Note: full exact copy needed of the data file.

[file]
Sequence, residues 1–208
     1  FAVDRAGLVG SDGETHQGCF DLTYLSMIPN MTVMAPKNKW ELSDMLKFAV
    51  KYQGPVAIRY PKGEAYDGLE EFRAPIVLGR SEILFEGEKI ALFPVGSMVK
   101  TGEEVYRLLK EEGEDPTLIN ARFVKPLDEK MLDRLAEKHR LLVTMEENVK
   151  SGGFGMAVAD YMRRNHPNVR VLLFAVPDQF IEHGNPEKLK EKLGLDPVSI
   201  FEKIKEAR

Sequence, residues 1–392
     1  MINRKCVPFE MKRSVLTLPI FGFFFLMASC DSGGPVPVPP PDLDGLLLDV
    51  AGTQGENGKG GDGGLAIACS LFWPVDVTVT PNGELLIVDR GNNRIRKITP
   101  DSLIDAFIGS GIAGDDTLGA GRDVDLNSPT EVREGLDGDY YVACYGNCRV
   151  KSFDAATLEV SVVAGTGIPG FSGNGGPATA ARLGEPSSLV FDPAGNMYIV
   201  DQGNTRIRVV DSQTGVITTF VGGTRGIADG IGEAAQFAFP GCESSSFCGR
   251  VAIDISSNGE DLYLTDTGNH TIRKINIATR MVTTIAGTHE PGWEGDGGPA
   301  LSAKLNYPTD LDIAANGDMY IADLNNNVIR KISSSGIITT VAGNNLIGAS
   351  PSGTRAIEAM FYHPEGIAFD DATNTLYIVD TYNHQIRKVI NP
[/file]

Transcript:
Sequence, residues 1–208
     1  FAVDRAGLVG SDGETHQGCF DLTYLSMIPN MTVMAPKNKW ELSDMLKFAV
    51  KYQGPVAIRY PKGEAYDGLE EFRAPIVLGR SEILFEGEKI ALFPVGSMVK
   101  TGEEVYRLLK EEGEDPTLIN ARFVKPLDEK MLDRLAEKHR LLVTMEENVK
   151  SGGFGMAVAD YMRRNHPNVR VLLFAVPDQF IEHGNPEKLK EKLGLDPVSI
   201  FEKIKEAR

Sequence, residues 1–392
     1  MINRKCVPFE MKRSVLTLPI FGFFFLMASC DSGGPVPVPP PDLDGLLLDV
    51  AGTQGENGKG GDGGLAIACS LFWPVDVTVT PNGELLIVDR GNNRIRKITP
   101  DSLIDAFIGS GIAGDDTLGA GRDVDLNSPT EVREGLDGDY YVACYGNCRV
   151  KSFDAATLEV SVVAGTGIPG FSGNGGPATA ARLGEPSSLV FDPAGNMYIV
   201  DQGNTRIRVV DSQTGVITTF VGGTRGIADG IGEAAQFAFP GCESSSFCGR
   251  VAIDISSNGE DLYLTDTGNH TIRKINIATR MVTTIAGTHE PGWEGDGGPA
   301  LSAKLNYPTD LDIAANGDMY IADLNNNVIR KISSSGIITT VAGNNLIGAS
   351  PSGTRAIEAM FYHPEGIAFD DATNTLYIVD TYNHQIRKVI NP